Wendy Crockett calls her record-setting motorcycle journey with Ian McPhee an adventure about triumphing against all odds. The duo, who showed “determination past all reasonable levels,” Crockett chuckles, set an entirely new world record for the longest journey by a motorcycle team in a single country.
The pair’s world record was officially certified by Guinness World Records in February. The record was announced on guinnessworldrecords.com.
Between April 7 and Sept. 25, 2022, Crockett of Rapid City and McPhee of Luscombe, Australia, traveled a total of 97,319 miles on two separate motorcycles across the countries of Australia, Canada and the United States. After an exhaustive review process, Guinness World Records has certified that Crockett and McPhee rode a total of 80,208 miles together within the lower 48 United States.
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The epic trek back and forth across the United States was fraught with illnesses, accidents and unpredictable mayhem from start to finish.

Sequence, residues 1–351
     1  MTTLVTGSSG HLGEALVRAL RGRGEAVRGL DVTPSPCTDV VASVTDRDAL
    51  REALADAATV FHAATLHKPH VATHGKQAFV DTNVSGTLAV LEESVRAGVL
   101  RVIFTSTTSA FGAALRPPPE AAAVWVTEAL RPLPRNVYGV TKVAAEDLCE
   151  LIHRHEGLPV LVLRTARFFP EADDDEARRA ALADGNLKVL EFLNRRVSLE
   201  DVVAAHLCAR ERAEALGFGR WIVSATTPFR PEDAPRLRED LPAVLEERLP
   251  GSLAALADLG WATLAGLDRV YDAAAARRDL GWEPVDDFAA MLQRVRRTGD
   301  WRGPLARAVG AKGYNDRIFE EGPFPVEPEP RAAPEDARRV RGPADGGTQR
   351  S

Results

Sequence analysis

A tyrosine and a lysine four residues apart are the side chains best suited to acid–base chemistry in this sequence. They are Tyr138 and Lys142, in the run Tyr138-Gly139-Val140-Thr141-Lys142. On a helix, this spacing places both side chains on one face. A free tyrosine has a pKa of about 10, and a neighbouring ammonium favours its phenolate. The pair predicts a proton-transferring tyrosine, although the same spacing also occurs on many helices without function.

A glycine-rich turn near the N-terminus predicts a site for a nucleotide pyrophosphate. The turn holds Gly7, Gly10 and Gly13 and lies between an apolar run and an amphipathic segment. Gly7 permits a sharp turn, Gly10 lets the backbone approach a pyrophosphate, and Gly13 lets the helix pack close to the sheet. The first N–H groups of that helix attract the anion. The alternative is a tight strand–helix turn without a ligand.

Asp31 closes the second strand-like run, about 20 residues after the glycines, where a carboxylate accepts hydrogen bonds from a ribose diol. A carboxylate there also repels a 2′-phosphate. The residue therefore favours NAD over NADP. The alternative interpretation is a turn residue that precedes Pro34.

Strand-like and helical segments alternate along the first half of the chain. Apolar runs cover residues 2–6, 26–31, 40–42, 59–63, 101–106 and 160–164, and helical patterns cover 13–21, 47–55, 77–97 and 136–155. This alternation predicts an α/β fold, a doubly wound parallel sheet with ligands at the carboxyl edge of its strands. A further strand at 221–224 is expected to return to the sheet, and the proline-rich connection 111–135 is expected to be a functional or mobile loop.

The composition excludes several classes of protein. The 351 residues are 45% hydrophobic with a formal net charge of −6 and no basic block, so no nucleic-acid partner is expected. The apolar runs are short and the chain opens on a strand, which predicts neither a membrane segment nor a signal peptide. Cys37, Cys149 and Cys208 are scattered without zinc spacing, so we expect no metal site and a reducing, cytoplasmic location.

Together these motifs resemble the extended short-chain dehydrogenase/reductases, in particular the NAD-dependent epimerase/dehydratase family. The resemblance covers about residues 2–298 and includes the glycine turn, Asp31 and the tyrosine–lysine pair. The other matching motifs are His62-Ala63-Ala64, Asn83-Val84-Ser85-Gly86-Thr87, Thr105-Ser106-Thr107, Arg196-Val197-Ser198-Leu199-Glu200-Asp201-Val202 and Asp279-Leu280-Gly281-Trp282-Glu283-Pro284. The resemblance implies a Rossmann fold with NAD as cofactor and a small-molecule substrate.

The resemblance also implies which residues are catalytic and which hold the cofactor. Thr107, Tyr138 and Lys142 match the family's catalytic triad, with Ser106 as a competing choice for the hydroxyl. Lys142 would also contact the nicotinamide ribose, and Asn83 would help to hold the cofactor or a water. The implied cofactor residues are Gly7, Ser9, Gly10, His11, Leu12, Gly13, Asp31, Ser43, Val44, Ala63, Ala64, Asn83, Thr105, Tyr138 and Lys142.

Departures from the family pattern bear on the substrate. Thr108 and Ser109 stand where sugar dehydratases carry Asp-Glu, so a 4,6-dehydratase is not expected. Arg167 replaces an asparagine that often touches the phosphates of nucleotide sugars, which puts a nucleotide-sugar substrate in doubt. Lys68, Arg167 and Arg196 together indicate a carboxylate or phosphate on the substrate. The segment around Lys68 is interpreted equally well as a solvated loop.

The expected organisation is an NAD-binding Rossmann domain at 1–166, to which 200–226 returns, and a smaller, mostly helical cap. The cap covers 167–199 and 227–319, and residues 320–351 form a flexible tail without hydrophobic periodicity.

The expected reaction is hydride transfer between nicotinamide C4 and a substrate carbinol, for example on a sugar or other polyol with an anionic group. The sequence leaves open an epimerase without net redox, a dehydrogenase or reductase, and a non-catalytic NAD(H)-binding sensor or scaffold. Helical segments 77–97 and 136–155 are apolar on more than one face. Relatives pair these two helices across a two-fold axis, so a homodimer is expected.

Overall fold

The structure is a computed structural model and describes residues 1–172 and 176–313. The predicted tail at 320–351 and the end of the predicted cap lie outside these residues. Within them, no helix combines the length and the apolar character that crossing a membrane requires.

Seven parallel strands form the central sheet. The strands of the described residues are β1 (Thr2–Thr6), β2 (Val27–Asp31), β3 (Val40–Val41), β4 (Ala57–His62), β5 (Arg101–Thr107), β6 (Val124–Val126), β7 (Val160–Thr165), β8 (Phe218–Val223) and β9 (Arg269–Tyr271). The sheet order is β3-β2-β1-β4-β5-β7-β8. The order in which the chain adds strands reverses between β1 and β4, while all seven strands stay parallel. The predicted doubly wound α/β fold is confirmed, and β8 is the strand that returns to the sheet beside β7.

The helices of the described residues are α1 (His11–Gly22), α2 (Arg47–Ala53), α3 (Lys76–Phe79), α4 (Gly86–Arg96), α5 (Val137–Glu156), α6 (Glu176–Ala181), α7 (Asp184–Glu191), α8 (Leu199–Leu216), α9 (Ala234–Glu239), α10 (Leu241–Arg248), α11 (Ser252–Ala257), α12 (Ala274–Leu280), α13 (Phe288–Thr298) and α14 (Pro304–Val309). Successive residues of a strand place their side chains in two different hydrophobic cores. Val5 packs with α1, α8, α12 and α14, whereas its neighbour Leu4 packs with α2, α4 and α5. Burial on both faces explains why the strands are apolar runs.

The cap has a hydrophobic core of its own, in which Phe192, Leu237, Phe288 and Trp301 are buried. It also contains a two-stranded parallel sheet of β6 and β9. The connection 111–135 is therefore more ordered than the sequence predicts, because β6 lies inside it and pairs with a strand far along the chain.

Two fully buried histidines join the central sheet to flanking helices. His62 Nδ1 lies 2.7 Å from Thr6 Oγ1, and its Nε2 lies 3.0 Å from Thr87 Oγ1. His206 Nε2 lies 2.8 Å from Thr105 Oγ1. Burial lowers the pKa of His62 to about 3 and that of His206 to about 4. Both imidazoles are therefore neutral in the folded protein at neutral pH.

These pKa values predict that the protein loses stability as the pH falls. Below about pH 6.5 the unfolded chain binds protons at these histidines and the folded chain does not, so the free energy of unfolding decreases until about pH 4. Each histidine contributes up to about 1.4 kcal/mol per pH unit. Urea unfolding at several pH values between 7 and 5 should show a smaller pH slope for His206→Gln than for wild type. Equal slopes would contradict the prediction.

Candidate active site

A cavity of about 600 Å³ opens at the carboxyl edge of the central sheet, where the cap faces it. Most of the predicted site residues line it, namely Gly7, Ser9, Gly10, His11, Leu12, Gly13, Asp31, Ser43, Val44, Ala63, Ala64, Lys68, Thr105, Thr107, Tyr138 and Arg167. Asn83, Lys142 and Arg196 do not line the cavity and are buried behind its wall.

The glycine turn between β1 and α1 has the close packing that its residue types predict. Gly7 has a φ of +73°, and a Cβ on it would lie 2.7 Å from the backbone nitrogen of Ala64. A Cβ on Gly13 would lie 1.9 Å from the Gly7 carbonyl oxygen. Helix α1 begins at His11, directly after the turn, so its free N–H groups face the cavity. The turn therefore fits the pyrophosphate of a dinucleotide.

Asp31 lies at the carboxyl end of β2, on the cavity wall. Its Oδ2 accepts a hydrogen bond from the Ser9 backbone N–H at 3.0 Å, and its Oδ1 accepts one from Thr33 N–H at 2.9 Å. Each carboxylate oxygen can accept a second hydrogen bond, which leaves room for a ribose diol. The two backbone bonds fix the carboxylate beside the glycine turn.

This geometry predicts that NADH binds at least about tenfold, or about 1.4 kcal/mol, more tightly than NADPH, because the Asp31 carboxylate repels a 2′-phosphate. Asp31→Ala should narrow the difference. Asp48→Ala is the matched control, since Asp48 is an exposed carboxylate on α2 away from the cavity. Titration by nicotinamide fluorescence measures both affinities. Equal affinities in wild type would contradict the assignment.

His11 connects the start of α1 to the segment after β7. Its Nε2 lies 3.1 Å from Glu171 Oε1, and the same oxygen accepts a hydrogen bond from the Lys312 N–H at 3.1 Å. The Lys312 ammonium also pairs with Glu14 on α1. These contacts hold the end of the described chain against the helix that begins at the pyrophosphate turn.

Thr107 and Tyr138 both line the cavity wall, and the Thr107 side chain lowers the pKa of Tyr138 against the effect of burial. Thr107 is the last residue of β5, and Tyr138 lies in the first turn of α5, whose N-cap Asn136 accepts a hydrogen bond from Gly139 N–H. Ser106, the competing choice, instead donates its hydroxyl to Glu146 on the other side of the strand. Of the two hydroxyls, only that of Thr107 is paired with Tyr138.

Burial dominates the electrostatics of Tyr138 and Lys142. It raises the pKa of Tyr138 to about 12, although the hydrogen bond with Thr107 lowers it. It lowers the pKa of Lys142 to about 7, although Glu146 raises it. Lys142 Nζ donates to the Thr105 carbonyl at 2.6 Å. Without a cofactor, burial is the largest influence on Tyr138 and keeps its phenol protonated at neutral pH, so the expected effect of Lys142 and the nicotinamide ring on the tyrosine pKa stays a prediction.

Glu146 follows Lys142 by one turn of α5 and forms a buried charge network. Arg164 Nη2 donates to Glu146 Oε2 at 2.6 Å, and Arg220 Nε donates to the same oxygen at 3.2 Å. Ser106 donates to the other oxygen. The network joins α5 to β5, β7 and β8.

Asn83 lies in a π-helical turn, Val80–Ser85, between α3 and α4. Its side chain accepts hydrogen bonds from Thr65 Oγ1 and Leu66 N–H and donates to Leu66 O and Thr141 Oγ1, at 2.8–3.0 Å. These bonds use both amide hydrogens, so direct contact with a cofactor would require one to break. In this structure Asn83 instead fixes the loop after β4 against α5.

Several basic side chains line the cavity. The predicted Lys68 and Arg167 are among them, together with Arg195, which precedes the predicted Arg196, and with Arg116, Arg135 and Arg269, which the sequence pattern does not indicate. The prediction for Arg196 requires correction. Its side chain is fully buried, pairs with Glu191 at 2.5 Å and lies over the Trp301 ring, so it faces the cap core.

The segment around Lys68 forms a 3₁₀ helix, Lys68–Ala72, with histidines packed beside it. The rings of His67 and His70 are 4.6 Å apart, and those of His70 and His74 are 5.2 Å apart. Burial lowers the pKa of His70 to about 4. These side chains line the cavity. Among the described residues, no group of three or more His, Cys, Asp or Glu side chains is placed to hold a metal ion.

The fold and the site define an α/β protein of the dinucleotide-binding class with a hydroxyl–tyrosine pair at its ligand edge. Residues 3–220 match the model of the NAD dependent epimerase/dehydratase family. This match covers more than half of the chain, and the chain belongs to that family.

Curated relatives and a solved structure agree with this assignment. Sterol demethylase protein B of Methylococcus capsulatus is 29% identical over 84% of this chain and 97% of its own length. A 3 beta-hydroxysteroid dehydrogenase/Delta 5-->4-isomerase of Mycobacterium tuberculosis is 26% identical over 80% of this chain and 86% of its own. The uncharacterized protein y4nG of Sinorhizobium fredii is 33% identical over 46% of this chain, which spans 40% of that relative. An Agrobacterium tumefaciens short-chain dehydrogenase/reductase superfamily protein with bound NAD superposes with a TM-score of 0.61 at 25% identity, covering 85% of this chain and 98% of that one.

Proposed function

“I doubt there are any two riders better suited to successfully pull off a massive, calamitous ride like this one. Our tenacious spirits and goofy humor kept us pushing forward as a team through one absurd left-field disaster after another, and we are absolutely over the moon to have our efforts recognized by Guinness,” Crockett said.
The pair had met during an Iron Butt Association ride. Both have participated in several Iron Butt rides and Crockett became the first woman ever to win the Iron Butt Rally in 2019. McPhee has successfully finished four Iron Butt Rallies and Crockett has completed six. The team has a combined lifetime total of more than 2,000,000 motorcycle miles.
During an Iron Butt event, Crockett said she and McPhee ended up traveling together quite a bit and became friends who discovered they were compatible traveling companions.
“It’s really unique to fall into such an easy rhythm for a sport that by its very nature is solitary,” Crockett said. “We kept in touch after the 2019 Iron Butt rally and a few months later, Ian calls and said, ‘I have been working on this crazy plan and I want to run it past you’ and it took off from there.”
“His plan was to visit all of the 48 (contiguous) states in alphabetical order and visit (and document) every capitol building in every state. I said, ‘That sounds ridiculous. Let’s do it!’” Crockett chuckled.